Five NASA Scientists Reflect on a Year of Turmoil

To biochemist Nitza Cintron, a member of what she describes as "the NASA family," the Challenger accident brought with it a great sense of loss. As chief of the 75-person Biomedical Laboratories at Johnson Space Center, Cintron believes the accident has had a greater impact on operational responsibilities—supporting shuttle flights—than on basic research. But there are lots of projects that can only be done in space which have been temporarily suspended. Some of Cintron's own researc

Ray Spangenburg
Jan 25, 1987
To biochemist Nitza Cintron, a member of what she describes as "the NASA family," the Challenger accident brought with it a great sense of loss. As chief of the 75-person Biomedical Laboratories at Johnson Space Center, Cintron believes the accident has had a greater impact on operational responsibilities—supporting shuttle flights—than on basic research. But there are lots of projects that can only be done in space which have been temporarily suspended.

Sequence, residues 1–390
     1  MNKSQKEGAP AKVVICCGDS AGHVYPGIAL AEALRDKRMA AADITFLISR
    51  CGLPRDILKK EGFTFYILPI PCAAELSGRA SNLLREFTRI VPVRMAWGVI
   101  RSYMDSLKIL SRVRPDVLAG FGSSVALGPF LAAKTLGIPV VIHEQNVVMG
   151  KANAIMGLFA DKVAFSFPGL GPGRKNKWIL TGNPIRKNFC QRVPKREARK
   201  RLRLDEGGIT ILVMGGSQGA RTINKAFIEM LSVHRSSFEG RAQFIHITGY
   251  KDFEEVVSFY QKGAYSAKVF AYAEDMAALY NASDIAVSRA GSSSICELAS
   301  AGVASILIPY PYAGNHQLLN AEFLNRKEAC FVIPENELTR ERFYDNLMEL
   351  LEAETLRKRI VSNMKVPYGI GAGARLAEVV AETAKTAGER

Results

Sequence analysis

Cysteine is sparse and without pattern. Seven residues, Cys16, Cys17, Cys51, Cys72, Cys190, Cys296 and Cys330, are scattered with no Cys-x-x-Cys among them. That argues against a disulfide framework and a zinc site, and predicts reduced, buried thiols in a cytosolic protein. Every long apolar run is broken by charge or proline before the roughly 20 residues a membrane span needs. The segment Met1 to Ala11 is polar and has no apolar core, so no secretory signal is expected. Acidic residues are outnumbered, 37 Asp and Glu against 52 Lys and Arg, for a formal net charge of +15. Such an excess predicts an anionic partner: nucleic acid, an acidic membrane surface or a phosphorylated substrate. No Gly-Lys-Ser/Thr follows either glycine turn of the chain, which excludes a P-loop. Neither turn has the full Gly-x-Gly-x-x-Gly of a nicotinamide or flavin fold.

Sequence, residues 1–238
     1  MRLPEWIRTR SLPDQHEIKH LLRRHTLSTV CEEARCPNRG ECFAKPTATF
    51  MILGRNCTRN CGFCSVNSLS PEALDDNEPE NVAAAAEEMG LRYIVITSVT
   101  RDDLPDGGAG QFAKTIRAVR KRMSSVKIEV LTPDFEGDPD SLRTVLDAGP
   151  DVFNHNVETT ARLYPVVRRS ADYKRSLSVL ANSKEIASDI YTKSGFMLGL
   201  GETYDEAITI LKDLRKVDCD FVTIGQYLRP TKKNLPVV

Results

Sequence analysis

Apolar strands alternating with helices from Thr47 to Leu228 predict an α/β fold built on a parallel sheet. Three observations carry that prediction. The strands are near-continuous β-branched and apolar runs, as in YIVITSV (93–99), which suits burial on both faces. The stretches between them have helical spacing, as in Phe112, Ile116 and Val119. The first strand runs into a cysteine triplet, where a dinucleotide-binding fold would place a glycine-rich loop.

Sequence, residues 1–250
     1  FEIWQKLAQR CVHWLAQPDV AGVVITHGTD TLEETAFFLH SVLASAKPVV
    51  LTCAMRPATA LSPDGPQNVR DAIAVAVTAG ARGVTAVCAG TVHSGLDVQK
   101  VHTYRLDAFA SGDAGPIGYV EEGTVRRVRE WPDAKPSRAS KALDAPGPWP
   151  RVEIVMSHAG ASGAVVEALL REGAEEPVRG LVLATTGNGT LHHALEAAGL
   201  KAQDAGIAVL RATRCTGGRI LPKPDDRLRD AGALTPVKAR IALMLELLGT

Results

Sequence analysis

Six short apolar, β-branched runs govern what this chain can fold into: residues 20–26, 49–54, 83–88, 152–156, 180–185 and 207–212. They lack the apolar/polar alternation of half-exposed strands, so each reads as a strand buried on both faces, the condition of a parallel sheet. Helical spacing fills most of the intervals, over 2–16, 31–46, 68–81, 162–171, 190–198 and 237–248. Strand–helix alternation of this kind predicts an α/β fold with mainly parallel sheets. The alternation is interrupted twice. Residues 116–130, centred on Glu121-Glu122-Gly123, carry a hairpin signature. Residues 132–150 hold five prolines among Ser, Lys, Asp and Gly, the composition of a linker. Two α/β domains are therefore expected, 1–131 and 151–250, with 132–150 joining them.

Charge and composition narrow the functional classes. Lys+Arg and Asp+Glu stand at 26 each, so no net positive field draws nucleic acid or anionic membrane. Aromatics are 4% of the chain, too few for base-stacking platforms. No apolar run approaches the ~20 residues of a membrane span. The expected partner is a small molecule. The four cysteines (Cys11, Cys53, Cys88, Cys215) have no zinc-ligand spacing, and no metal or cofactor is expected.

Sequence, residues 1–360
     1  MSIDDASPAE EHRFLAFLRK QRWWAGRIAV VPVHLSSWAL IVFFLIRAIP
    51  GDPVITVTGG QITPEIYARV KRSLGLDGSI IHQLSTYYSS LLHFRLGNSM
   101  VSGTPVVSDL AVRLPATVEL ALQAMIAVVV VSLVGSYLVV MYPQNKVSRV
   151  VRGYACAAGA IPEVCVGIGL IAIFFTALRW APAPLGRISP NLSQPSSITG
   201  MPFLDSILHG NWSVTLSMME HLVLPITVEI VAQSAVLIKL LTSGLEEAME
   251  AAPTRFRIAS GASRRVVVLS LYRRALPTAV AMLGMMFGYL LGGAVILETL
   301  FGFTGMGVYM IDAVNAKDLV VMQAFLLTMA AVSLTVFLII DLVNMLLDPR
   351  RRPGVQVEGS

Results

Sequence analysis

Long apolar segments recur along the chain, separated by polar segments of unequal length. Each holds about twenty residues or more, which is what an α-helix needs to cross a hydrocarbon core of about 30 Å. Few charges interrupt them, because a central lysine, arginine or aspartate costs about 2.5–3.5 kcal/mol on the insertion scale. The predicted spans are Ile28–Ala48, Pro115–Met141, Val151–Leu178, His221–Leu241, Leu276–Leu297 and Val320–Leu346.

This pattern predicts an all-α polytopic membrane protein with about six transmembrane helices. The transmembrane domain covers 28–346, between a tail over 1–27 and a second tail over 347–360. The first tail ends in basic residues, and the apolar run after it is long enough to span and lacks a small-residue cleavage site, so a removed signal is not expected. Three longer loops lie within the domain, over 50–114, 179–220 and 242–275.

Some of Cintron's own research into the atrial natriuretic factor (ANF) is stymied by the shutdown. Cintron, who joined the Center after completing her doctorate in biochemistry at Johns Hopkins Medical School in 1978, is looking for a possible connection between ANF and the human physiological response to space flight.

So far, she said, they've gotten some nice results. But she added, "researching in space takes time to get a good experimental basis, and we still don't have the...